Merchant volunteers three times a week for a Head Start program near where she lives in Hudson Valley, helping disadvantaged children. She often performs free concerts for children and, at the height of her fame three decades ago, volunteered at a homeless program in Harlem, where most of the people thought she was a student from nearby Columbia University.
She got to know Lennon's widow, Yoko Ono, when they worked on the anti-fracking movement in upstate New York.
Merchant, 55, records and performs sporadically now and, aside from guiding her teenage daughter through high school and into college, said her activism takes up most of her time.
"These projects, for a good reason, they suck your life blood," she said. "I began to see these projects as much more important than making another Natalie Merchant record."
Joan Osborne, Rachael Yamagata and Sam Amidon are among the other artists who will perform at the annual Lennon tribute, now in its 39th year. The show will take place at the Peter Jay Sharp Theatre at Symphony Space.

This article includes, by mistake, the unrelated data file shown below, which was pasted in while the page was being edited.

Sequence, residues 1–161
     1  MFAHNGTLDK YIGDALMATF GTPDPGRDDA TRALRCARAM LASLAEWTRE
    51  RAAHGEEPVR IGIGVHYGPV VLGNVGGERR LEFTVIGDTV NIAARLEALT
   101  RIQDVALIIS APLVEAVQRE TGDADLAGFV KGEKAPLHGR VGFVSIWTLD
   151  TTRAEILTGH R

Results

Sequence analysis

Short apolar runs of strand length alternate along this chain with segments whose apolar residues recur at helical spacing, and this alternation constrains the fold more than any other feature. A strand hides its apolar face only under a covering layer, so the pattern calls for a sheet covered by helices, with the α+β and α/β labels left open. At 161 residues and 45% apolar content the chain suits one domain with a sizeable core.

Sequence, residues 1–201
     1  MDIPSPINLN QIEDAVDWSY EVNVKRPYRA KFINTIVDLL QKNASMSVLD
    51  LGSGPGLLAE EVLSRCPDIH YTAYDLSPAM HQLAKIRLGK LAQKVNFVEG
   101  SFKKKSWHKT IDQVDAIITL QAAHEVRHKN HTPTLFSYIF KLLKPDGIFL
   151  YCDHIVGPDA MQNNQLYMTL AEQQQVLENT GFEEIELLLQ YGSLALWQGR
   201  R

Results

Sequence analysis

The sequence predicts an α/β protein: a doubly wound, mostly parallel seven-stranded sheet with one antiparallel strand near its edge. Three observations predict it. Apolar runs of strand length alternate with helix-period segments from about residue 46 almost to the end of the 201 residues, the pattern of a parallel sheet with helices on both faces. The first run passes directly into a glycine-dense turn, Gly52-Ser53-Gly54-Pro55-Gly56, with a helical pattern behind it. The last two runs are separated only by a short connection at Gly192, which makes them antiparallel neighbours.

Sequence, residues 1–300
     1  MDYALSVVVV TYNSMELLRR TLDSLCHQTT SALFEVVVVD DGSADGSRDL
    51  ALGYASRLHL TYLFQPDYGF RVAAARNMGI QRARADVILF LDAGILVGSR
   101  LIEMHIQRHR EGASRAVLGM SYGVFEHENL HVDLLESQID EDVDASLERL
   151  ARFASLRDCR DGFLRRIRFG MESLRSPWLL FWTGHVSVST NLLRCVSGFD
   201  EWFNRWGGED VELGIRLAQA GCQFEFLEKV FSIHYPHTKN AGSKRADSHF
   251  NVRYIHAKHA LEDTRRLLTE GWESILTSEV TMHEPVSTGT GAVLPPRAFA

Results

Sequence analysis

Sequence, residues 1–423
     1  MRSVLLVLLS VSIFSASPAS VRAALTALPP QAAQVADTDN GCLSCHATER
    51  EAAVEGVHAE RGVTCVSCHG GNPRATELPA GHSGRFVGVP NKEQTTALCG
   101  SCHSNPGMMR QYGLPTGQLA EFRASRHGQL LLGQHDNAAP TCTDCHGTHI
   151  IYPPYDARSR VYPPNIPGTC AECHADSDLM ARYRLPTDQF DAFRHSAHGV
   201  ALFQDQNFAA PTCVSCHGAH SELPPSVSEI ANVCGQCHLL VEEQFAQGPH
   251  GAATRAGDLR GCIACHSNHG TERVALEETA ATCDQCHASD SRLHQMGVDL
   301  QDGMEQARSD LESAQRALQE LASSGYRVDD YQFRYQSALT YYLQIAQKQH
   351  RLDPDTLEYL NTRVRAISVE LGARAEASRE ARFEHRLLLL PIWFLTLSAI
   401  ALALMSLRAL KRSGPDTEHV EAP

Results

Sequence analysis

Merchant, who calls "Imagine" one of the most powerful pieces of music ever recorded, is already rehearsing some Lennon songs with her accompanist for the tribute.
"The thing that we want to do is not faithfully perform the songs as John recorded them, to give stylistic alterations," she said. "It will be fun. We don't want to feel like we're a John Lennon karaoke group."
And what are some of her favorite Lennon songs? What might she be performing?
"I think that would spoil the surprise, wouldn't it?" she said.
Los Angeles, Oct 10 (AP/UNB) — Ozzy Osbourne says he's going off the rails on a crazy train while stuck at home with health woes, but plans to be back on track soon.
Osbourne says in a video posted to Twitter Wednesday that in a "bad fall" early this year he "screwed up all the vertebrae" in his neck.
The 70-year-old says he'll have to cancel European tour dates that had been scheduled for January and February, but he's recovering enough that he's keeping North American tour dates that start in May on the calendar.
The former Black Sabbath frontman and solo metal star behind hits like "Crazy Train" says in the video that he's "bored stiff" being stuck in bed all day.
Osbourne had to cancel North American shows this year because of health troubles.
Los Angeles, Oct 8 (AP/UNB) — Eagles are planning massive performances of their album "Hotel California" during their 2020 tour.